Top Tips for Working in Taiwan: Head-hunters & Salaries

Finding vacancies for the kinds of jobs you are qualified to do can be a daunting task, especially if reading Chinese is not your key strength. Leveraging and promoting your value to get the best deal can also be one of the hardest things to get right during any job application process. Here are some suggestions for how to get an outcome that you can happily live with.

By Stuart Hill

Head-hunters Tip: You’re a Scalp, Not a Placement

It can be extremely frustrating finding work in Taipei, especially if you are looking for something outside teaching. Yes, there are a few websites that provide job listings for non-teachers. Friending someone who works at a place that might employ foreigners is another option, but you often need to wait for the right opportunity to come along.

However, one key way to get wider exposure to job vacancies throughout Taiwan is via head-hunters. By providing your resume and getting on their books, you can also gain some insight into the current availabilities in Taiwan’s jobs market.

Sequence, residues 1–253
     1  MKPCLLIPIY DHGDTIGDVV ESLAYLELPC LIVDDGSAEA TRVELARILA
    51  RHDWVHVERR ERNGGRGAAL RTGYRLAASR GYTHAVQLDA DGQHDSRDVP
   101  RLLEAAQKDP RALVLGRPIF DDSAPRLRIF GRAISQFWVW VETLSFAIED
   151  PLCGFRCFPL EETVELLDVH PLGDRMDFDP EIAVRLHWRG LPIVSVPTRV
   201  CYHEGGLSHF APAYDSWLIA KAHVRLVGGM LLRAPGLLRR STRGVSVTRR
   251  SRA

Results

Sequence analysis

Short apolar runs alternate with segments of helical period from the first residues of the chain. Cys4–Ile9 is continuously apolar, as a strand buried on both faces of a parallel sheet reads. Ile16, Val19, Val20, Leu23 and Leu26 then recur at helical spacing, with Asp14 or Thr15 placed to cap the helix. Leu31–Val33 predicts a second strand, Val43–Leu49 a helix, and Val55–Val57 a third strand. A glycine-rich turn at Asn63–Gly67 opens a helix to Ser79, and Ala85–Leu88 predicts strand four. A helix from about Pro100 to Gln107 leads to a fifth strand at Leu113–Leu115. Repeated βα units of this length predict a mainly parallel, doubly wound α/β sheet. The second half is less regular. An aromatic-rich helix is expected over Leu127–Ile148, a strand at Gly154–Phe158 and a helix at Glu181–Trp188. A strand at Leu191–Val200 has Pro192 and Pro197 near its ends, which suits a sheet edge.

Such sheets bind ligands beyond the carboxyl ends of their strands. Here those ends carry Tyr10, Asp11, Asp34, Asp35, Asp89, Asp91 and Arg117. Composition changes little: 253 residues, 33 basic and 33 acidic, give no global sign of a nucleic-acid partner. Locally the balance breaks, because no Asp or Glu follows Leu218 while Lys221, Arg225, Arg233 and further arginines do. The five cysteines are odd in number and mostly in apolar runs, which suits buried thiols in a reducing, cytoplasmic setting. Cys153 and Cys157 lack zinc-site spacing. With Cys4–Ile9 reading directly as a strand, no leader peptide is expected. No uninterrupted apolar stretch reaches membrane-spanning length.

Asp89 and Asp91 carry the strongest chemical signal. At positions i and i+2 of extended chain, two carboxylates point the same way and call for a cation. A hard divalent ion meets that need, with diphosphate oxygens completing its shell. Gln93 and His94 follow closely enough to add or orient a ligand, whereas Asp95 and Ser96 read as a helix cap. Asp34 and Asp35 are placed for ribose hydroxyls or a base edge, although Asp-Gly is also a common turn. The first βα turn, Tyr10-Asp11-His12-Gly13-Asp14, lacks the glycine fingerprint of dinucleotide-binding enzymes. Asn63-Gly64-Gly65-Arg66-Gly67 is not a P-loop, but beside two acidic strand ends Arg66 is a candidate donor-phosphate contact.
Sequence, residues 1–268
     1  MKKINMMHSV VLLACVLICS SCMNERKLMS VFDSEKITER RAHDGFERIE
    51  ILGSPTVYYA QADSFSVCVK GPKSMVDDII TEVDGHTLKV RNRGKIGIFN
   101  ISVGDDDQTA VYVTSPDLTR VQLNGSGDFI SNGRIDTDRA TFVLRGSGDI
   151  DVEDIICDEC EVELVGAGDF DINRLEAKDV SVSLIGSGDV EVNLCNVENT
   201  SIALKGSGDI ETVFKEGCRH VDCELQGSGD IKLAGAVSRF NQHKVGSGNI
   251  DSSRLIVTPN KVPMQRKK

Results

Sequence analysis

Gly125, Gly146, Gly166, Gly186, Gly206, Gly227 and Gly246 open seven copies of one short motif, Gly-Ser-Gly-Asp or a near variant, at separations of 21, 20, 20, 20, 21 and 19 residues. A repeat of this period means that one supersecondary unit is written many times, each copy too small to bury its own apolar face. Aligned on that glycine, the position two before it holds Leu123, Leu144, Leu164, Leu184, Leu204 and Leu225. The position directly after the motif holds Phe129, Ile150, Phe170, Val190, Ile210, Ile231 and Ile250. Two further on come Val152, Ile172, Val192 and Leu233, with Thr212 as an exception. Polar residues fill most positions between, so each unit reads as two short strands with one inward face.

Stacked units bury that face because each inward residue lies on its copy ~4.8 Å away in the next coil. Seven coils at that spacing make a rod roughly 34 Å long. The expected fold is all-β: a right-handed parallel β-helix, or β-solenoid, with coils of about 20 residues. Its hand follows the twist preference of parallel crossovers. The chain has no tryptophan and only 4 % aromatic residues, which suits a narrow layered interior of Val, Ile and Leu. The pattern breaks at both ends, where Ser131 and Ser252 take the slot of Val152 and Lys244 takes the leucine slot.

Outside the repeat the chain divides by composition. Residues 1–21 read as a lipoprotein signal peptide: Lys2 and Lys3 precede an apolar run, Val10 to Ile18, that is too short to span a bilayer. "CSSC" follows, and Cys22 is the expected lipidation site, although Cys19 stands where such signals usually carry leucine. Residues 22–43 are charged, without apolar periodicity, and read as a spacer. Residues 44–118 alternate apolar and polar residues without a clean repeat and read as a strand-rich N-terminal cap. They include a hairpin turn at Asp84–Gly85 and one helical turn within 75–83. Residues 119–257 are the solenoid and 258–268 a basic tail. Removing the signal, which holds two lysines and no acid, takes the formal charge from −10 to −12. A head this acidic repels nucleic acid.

But be warned: head-hunters are more like brokers than an employee placement service. While yes, your agent may hope they can fit you into the right position and that you will stay employed in it, they make their money by inserting themselves between the negotiations of employer and employee, while fundamentally negotiating on behalf of the person who pays the checks; the employer. With this key caveat in mind, head-hunters can give you an entre to opportunities that aren’t otherwise advertised through other means, and expose you to positions requiring experienced people that offer pay better salaries than those jobs you might find and negotiate on your own.

What’s more, because they are playing the role of match maker, and need you to be a willing participant in the process, they will provide more info about the salary, working environment and job description than you would normally find via an ad published in a paper or website. They can also offer advice on how best to approach your interview. After all, they really do want to fill that position.